Recently while working in Putty logged into my Fedora system I have started getting random ~ characters on my shell. Additionally, while I am editing in VIM I'll have characters randomly change to upper case. This only happens while I am logged int using Putty. I've never had this happen before so I am wondering if an update to Fedora has turned on some sort of keep alive feature in SSH that is causing this. I re-installed putty and trashed my preferences just to be sure. I'm not sure where to start digging to find the culprit. Any pointers?


It looks like you're typing a function key that sends an escape sequence that isn't recognized on the remote side. Many function keys generate escape sequences that end with the ~ character, e.g. \e[3~ for the Del key (where \e is the escape character). See How do keyboard input and text output work? (the part about input in the section about text mode applications running in a terminal) for more information about function keys in terminals.

If your shell and vim on the remote side don't recognize this escape sequence, they'll eat up \e[ (prefix of a recognized sequence), beep on 3, and treat ~ as an ordinary character.

At the shell prompt or in Vim insert mode, press Ctrl+V then the function key in question to see what it inserts. You may then want to create a binding for it: for bash, with the bind builtin in ~/.bashrc (example) or in ~/.inputrc (example); in vim, with map!, e.g.

map! <ESC>[3~ <Delete>

(Note that this example is preconfigured, you need to find out which key is not recognized on your system and adjust the escape sequence and key name accordingly.)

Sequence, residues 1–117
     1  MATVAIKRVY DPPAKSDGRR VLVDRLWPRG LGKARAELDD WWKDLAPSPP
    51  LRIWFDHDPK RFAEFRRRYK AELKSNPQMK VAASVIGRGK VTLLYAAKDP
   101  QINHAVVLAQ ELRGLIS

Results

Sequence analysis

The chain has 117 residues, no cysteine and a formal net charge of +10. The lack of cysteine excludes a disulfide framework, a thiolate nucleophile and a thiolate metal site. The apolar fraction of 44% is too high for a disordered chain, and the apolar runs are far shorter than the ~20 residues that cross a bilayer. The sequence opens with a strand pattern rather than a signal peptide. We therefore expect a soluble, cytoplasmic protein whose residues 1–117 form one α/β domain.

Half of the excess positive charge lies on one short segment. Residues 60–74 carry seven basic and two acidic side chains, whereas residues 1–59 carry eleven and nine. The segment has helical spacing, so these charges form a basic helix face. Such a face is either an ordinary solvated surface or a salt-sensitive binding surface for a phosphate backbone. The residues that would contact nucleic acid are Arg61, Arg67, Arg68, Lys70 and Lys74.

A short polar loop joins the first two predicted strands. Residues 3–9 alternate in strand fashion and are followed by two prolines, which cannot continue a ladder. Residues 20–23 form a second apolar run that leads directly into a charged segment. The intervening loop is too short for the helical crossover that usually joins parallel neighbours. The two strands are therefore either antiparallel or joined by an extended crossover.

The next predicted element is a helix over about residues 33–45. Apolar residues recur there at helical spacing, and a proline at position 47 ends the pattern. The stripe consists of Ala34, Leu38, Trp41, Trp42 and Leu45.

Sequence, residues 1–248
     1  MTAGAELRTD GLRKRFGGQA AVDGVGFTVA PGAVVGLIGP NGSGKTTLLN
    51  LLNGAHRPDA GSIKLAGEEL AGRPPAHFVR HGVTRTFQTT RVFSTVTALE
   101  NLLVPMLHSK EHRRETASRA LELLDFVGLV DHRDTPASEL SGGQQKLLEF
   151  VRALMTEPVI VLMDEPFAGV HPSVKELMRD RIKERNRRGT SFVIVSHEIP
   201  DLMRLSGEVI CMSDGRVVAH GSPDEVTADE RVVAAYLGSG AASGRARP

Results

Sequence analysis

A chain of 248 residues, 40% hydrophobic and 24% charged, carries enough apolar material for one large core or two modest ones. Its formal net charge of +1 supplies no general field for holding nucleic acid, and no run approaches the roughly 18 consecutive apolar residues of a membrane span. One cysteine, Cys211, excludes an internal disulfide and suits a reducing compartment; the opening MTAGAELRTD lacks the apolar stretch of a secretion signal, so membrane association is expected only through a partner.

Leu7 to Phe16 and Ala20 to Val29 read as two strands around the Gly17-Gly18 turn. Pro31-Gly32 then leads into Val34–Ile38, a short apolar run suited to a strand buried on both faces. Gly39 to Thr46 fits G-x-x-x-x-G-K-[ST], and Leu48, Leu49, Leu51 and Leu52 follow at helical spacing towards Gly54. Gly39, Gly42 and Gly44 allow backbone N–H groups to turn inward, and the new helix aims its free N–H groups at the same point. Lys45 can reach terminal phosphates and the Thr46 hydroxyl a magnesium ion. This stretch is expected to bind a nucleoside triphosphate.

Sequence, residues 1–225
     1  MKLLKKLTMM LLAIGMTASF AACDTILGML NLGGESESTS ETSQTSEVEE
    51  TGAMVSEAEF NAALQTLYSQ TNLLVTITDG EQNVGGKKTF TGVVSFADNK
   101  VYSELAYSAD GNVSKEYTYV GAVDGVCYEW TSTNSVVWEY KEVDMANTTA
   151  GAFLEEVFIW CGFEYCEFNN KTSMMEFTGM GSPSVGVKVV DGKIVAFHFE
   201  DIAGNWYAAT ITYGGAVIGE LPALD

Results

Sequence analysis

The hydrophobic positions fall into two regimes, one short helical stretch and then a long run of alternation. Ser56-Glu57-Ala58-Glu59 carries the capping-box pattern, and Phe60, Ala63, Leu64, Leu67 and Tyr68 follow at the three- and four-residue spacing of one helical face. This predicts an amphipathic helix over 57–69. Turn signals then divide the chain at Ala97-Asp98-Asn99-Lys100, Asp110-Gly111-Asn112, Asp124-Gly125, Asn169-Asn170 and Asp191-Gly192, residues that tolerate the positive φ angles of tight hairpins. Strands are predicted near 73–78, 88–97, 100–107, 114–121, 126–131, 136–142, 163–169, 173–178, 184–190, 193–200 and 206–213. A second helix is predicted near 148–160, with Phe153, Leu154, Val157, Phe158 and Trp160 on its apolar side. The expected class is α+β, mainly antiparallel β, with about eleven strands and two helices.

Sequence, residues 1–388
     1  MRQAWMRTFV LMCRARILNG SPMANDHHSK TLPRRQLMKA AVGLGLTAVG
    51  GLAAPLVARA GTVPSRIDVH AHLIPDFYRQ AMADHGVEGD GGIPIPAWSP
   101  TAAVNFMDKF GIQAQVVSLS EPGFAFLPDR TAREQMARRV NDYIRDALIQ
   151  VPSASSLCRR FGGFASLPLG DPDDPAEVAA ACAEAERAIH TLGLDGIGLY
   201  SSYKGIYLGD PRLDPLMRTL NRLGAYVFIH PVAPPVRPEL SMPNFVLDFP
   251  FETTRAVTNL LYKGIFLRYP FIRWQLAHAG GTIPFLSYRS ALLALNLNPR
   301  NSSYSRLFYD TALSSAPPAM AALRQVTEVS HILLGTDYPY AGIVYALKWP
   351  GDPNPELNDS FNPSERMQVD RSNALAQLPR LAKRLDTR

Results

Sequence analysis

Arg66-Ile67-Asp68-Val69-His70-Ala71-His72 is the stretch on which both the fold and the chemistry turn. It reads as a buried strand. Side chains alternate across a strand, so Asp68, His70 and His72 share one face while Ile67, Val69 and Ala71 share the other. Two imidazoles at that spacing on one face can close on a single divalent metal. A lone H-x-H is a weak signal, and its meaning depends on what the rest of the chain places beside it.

This is not a definitive answer, just a suggestion.

I had the same problem (not Putty but ssh from linux) and found that ssh_config has an option

EscapeChar ~

which I changed to

EscapeChar none

If Putty has some similar-looking config option, try to adjust it.

  • Interesting. I could not find anywhere to set this in the PuTTY client. I wonder if I should be setting this on the server? Looking at the man pages, I don't really understand exactly what the EscapeChar setting is for. – Nate Mar 7 '14 at 22:41
  • It's to communicate commands from client to server that don't go to the remote shell. Like ~. terminates connection. Unfortunately this sometimes messes up normal input, at least in my case it broke arrow keys on the keyboard. However, there may be another problem here - terminal type and text encoding. If you use unicode, check both sides. Check also the terminal type and test what happens if you change it (echo $TERM). – orion Mar 7 '14 at 22:51

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